There are many heterogeneous activities in regard to the historical and philosophical study of science and technology at each of the universities that partner in the BiCoDa Alliance. And yet, each partner contributes to the shared area of strength that motivates the Alliance:
In close collaboration with Bielefeld’s renown sociologists of science, historical and philosophical research is focused on “Science and Values„ and on “Science in the Context of Application” – including the area of overlap between these larger themes. This encompasses investigations of the “politicization of science,” of epistemic standards under application-pressure, of the organization of scientific communities through research technologies, of expertise and the history of bringing scientific judgment to bear on practical challenges. Consideration of the interplay between epistemic and non-epistemic values provides a background to the philosophical assessment of research methods and theory development in the context of application.
University of South Carolina in Columbia
USC’s contribution can be characterized as “History and Philosophy of science – emphatically writ small.” USC’s Consortium for Science, Technology, Environment, and Medicine in Society adopts a liberal conception of science that includes all that has been and can be counted as science. This conception effectively unsettles a notion of “Science writ large” that was formulated in the late 19th and early 20th century by philosophers of science, a conception that still informs much HPS scholarship today. Accordingly, research on the history and philosophy of physics proceeds in critical interaction with work on the history and philosophy of civil engineering, computer science, epidemiology, pharmacology, the environmental sciences, nanotechnology, and medicine.
Technische Universität Darmstadt
The humanities departments, nanoOffice, IANUS-group, and various interdisciplinary graduate schools established TUD’s reputation for doctoral research on the development of technology in society, including a strong focus on urban and environmental studies. This research at TUD and also at Hochschule Darmstadt contributes to a comprehensive “Philosophy of Technoscience.” Since the 1960s, discussions and controversies about the nature of science concerned the proper interaction between philosophy, history, and sociology of science. At TUD, the focus is on the encounter between theories of science and theories of technology. When philosophy of science encounters history, philosophy, and cultural studies of technology, this entails a meeting also of so-called analytic and continental approaches.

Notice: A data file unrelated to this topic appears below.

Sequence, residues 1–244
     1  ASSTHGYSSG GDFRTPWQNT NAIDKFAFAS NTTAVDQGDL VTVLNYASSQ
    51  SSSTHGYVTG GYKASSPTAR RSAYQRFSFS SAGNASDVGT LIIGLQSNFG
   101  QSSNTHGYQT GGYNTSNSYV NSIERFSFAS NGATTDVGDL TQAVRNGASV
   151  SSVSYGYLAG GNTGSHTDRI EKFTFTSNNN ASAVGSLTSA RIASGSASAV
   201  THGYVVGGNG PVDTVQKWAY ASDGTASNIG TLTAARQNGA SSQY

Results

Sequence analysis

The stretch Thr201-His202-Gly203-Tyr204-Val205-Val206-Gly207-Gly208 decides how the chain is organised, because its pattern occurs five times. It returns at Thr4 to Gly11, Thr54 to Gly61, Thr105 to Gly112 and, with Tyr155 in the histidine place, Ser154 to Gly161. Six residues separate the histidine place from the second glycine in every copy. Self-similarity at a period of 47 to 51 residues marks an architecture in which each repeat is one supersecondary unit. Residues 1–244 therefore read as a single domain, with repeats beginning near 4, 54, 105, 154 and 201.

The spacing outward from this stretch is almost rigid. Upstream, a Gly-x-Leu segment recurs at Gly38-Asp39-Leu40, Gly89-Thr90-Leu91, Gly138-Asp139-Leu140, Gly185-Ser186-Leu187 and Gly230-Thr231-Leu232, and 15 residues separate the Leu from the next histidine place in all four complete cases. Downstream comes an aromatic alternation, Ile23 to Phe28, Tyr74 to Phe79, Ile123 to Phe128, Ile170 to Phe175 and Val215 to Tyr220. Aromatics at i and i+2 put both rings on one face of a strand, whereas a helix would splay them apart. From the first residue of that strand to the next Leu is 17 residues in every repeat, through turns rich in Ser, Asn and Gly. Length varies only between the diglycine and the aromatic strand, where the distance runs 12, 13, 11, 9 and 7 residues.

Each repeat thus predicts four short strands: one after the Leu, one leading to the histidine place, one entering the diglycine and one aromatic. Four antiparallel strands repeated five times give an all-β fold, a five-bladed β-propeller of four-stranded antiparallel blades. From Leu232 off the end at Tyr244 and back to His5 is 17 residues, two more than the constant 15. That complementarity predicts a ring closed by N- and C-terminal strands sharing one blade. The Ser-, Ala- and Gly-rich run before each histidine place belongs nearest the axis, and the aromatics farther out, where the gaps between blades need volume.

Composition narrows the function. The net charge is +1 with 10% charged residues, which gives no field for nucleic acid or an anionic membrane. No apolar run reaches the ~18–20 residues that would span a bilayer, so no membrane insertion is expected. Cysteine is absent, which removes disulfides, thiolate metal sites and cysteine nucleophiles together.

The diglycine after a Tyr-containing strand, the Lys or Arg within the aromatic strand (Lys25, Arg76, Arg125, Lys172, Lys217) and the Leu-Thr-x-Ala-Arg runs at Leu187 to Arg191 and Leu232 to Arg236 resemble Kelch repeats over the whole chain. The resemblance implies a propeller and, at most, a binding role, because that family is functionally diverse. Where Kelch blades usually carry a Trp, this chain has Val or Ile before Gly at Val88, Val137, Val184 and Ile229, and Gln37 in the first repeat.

What happens when the rather innocuous letter “t” is subversively introduced into the familiar acronym for History and Philosophy of Science – HPtS?
- This much is clear – HPtS does not refer to a subset of the sciences or a kind of science that might be dubbed, most awkwardly, “technological science.”
But what, then, does HPtS refer to? This is best circumscribed by a series of open-ended questions that are subject to further deliberation. And further deliberation of questions like these is what the BiCoDa Alliance seeks to promote.
- Is HPtS an invitation to adopt a technoscientific perspective on all the sciences by considering them in their technological setting?
- Is there a stronger claim here about the technological character of the sciences – about science as technology?
By looking at science in its technological setting, HPtS foregrounds …
- … that much contemporary research takes its problems from a world that is already the product of science and technology
- … that scientific, engineering, and medical research relies on instruments, experimental systems, computational methods, and media technologies
- … that science has always been beholden to demands for technical and social utility
- … that science changes not just how we think about the world but changes the world also materially, to the point of seeking to shape or (re)design it
Two examples: Instead of assuming that science is constitutive of technology, HPtS considers whether, how, or to what extent technology is constitutive of science. And instead of showing merely that scientific knowledge and understanding involves the control of phenomena, HPtS investigates how such control is achieved and what “knowledge and understanding” means in various contexts of research practice.
Philosophers and historians of science are very good at studying how researchers forge an agreement between mind and world, theory and reality. But when research is conducted in a 'design mode' and when it aims to achieve technologically robust control of phenomena, do we need other ways to think about knowledge production and objectivity?
Programmatic Discussion Papers
In order to advance the debate about BiCoDa profiles and the HPtS perspective, several programmatic statements will be posted here. These serve as boundary objects for historians and philosophers of science and technology who are seeking to reconfigure their relations.
- “The BiCoDa Alliance for the History and Philosophy of the technological Sciences (HPtS)” (3 pages)
- Mikael Hård – The Cultural Assessment of Technology and Science (4 pages)
- Alfred Nordmann – The Age of Technoscience (3 pages)
- Mary Demski and Michael Dickson – Discourse on a New Method, or a Manifesto for a Synthetic Approach to History and Philosophy of Science (20 pages)
- [more discussion papers to come]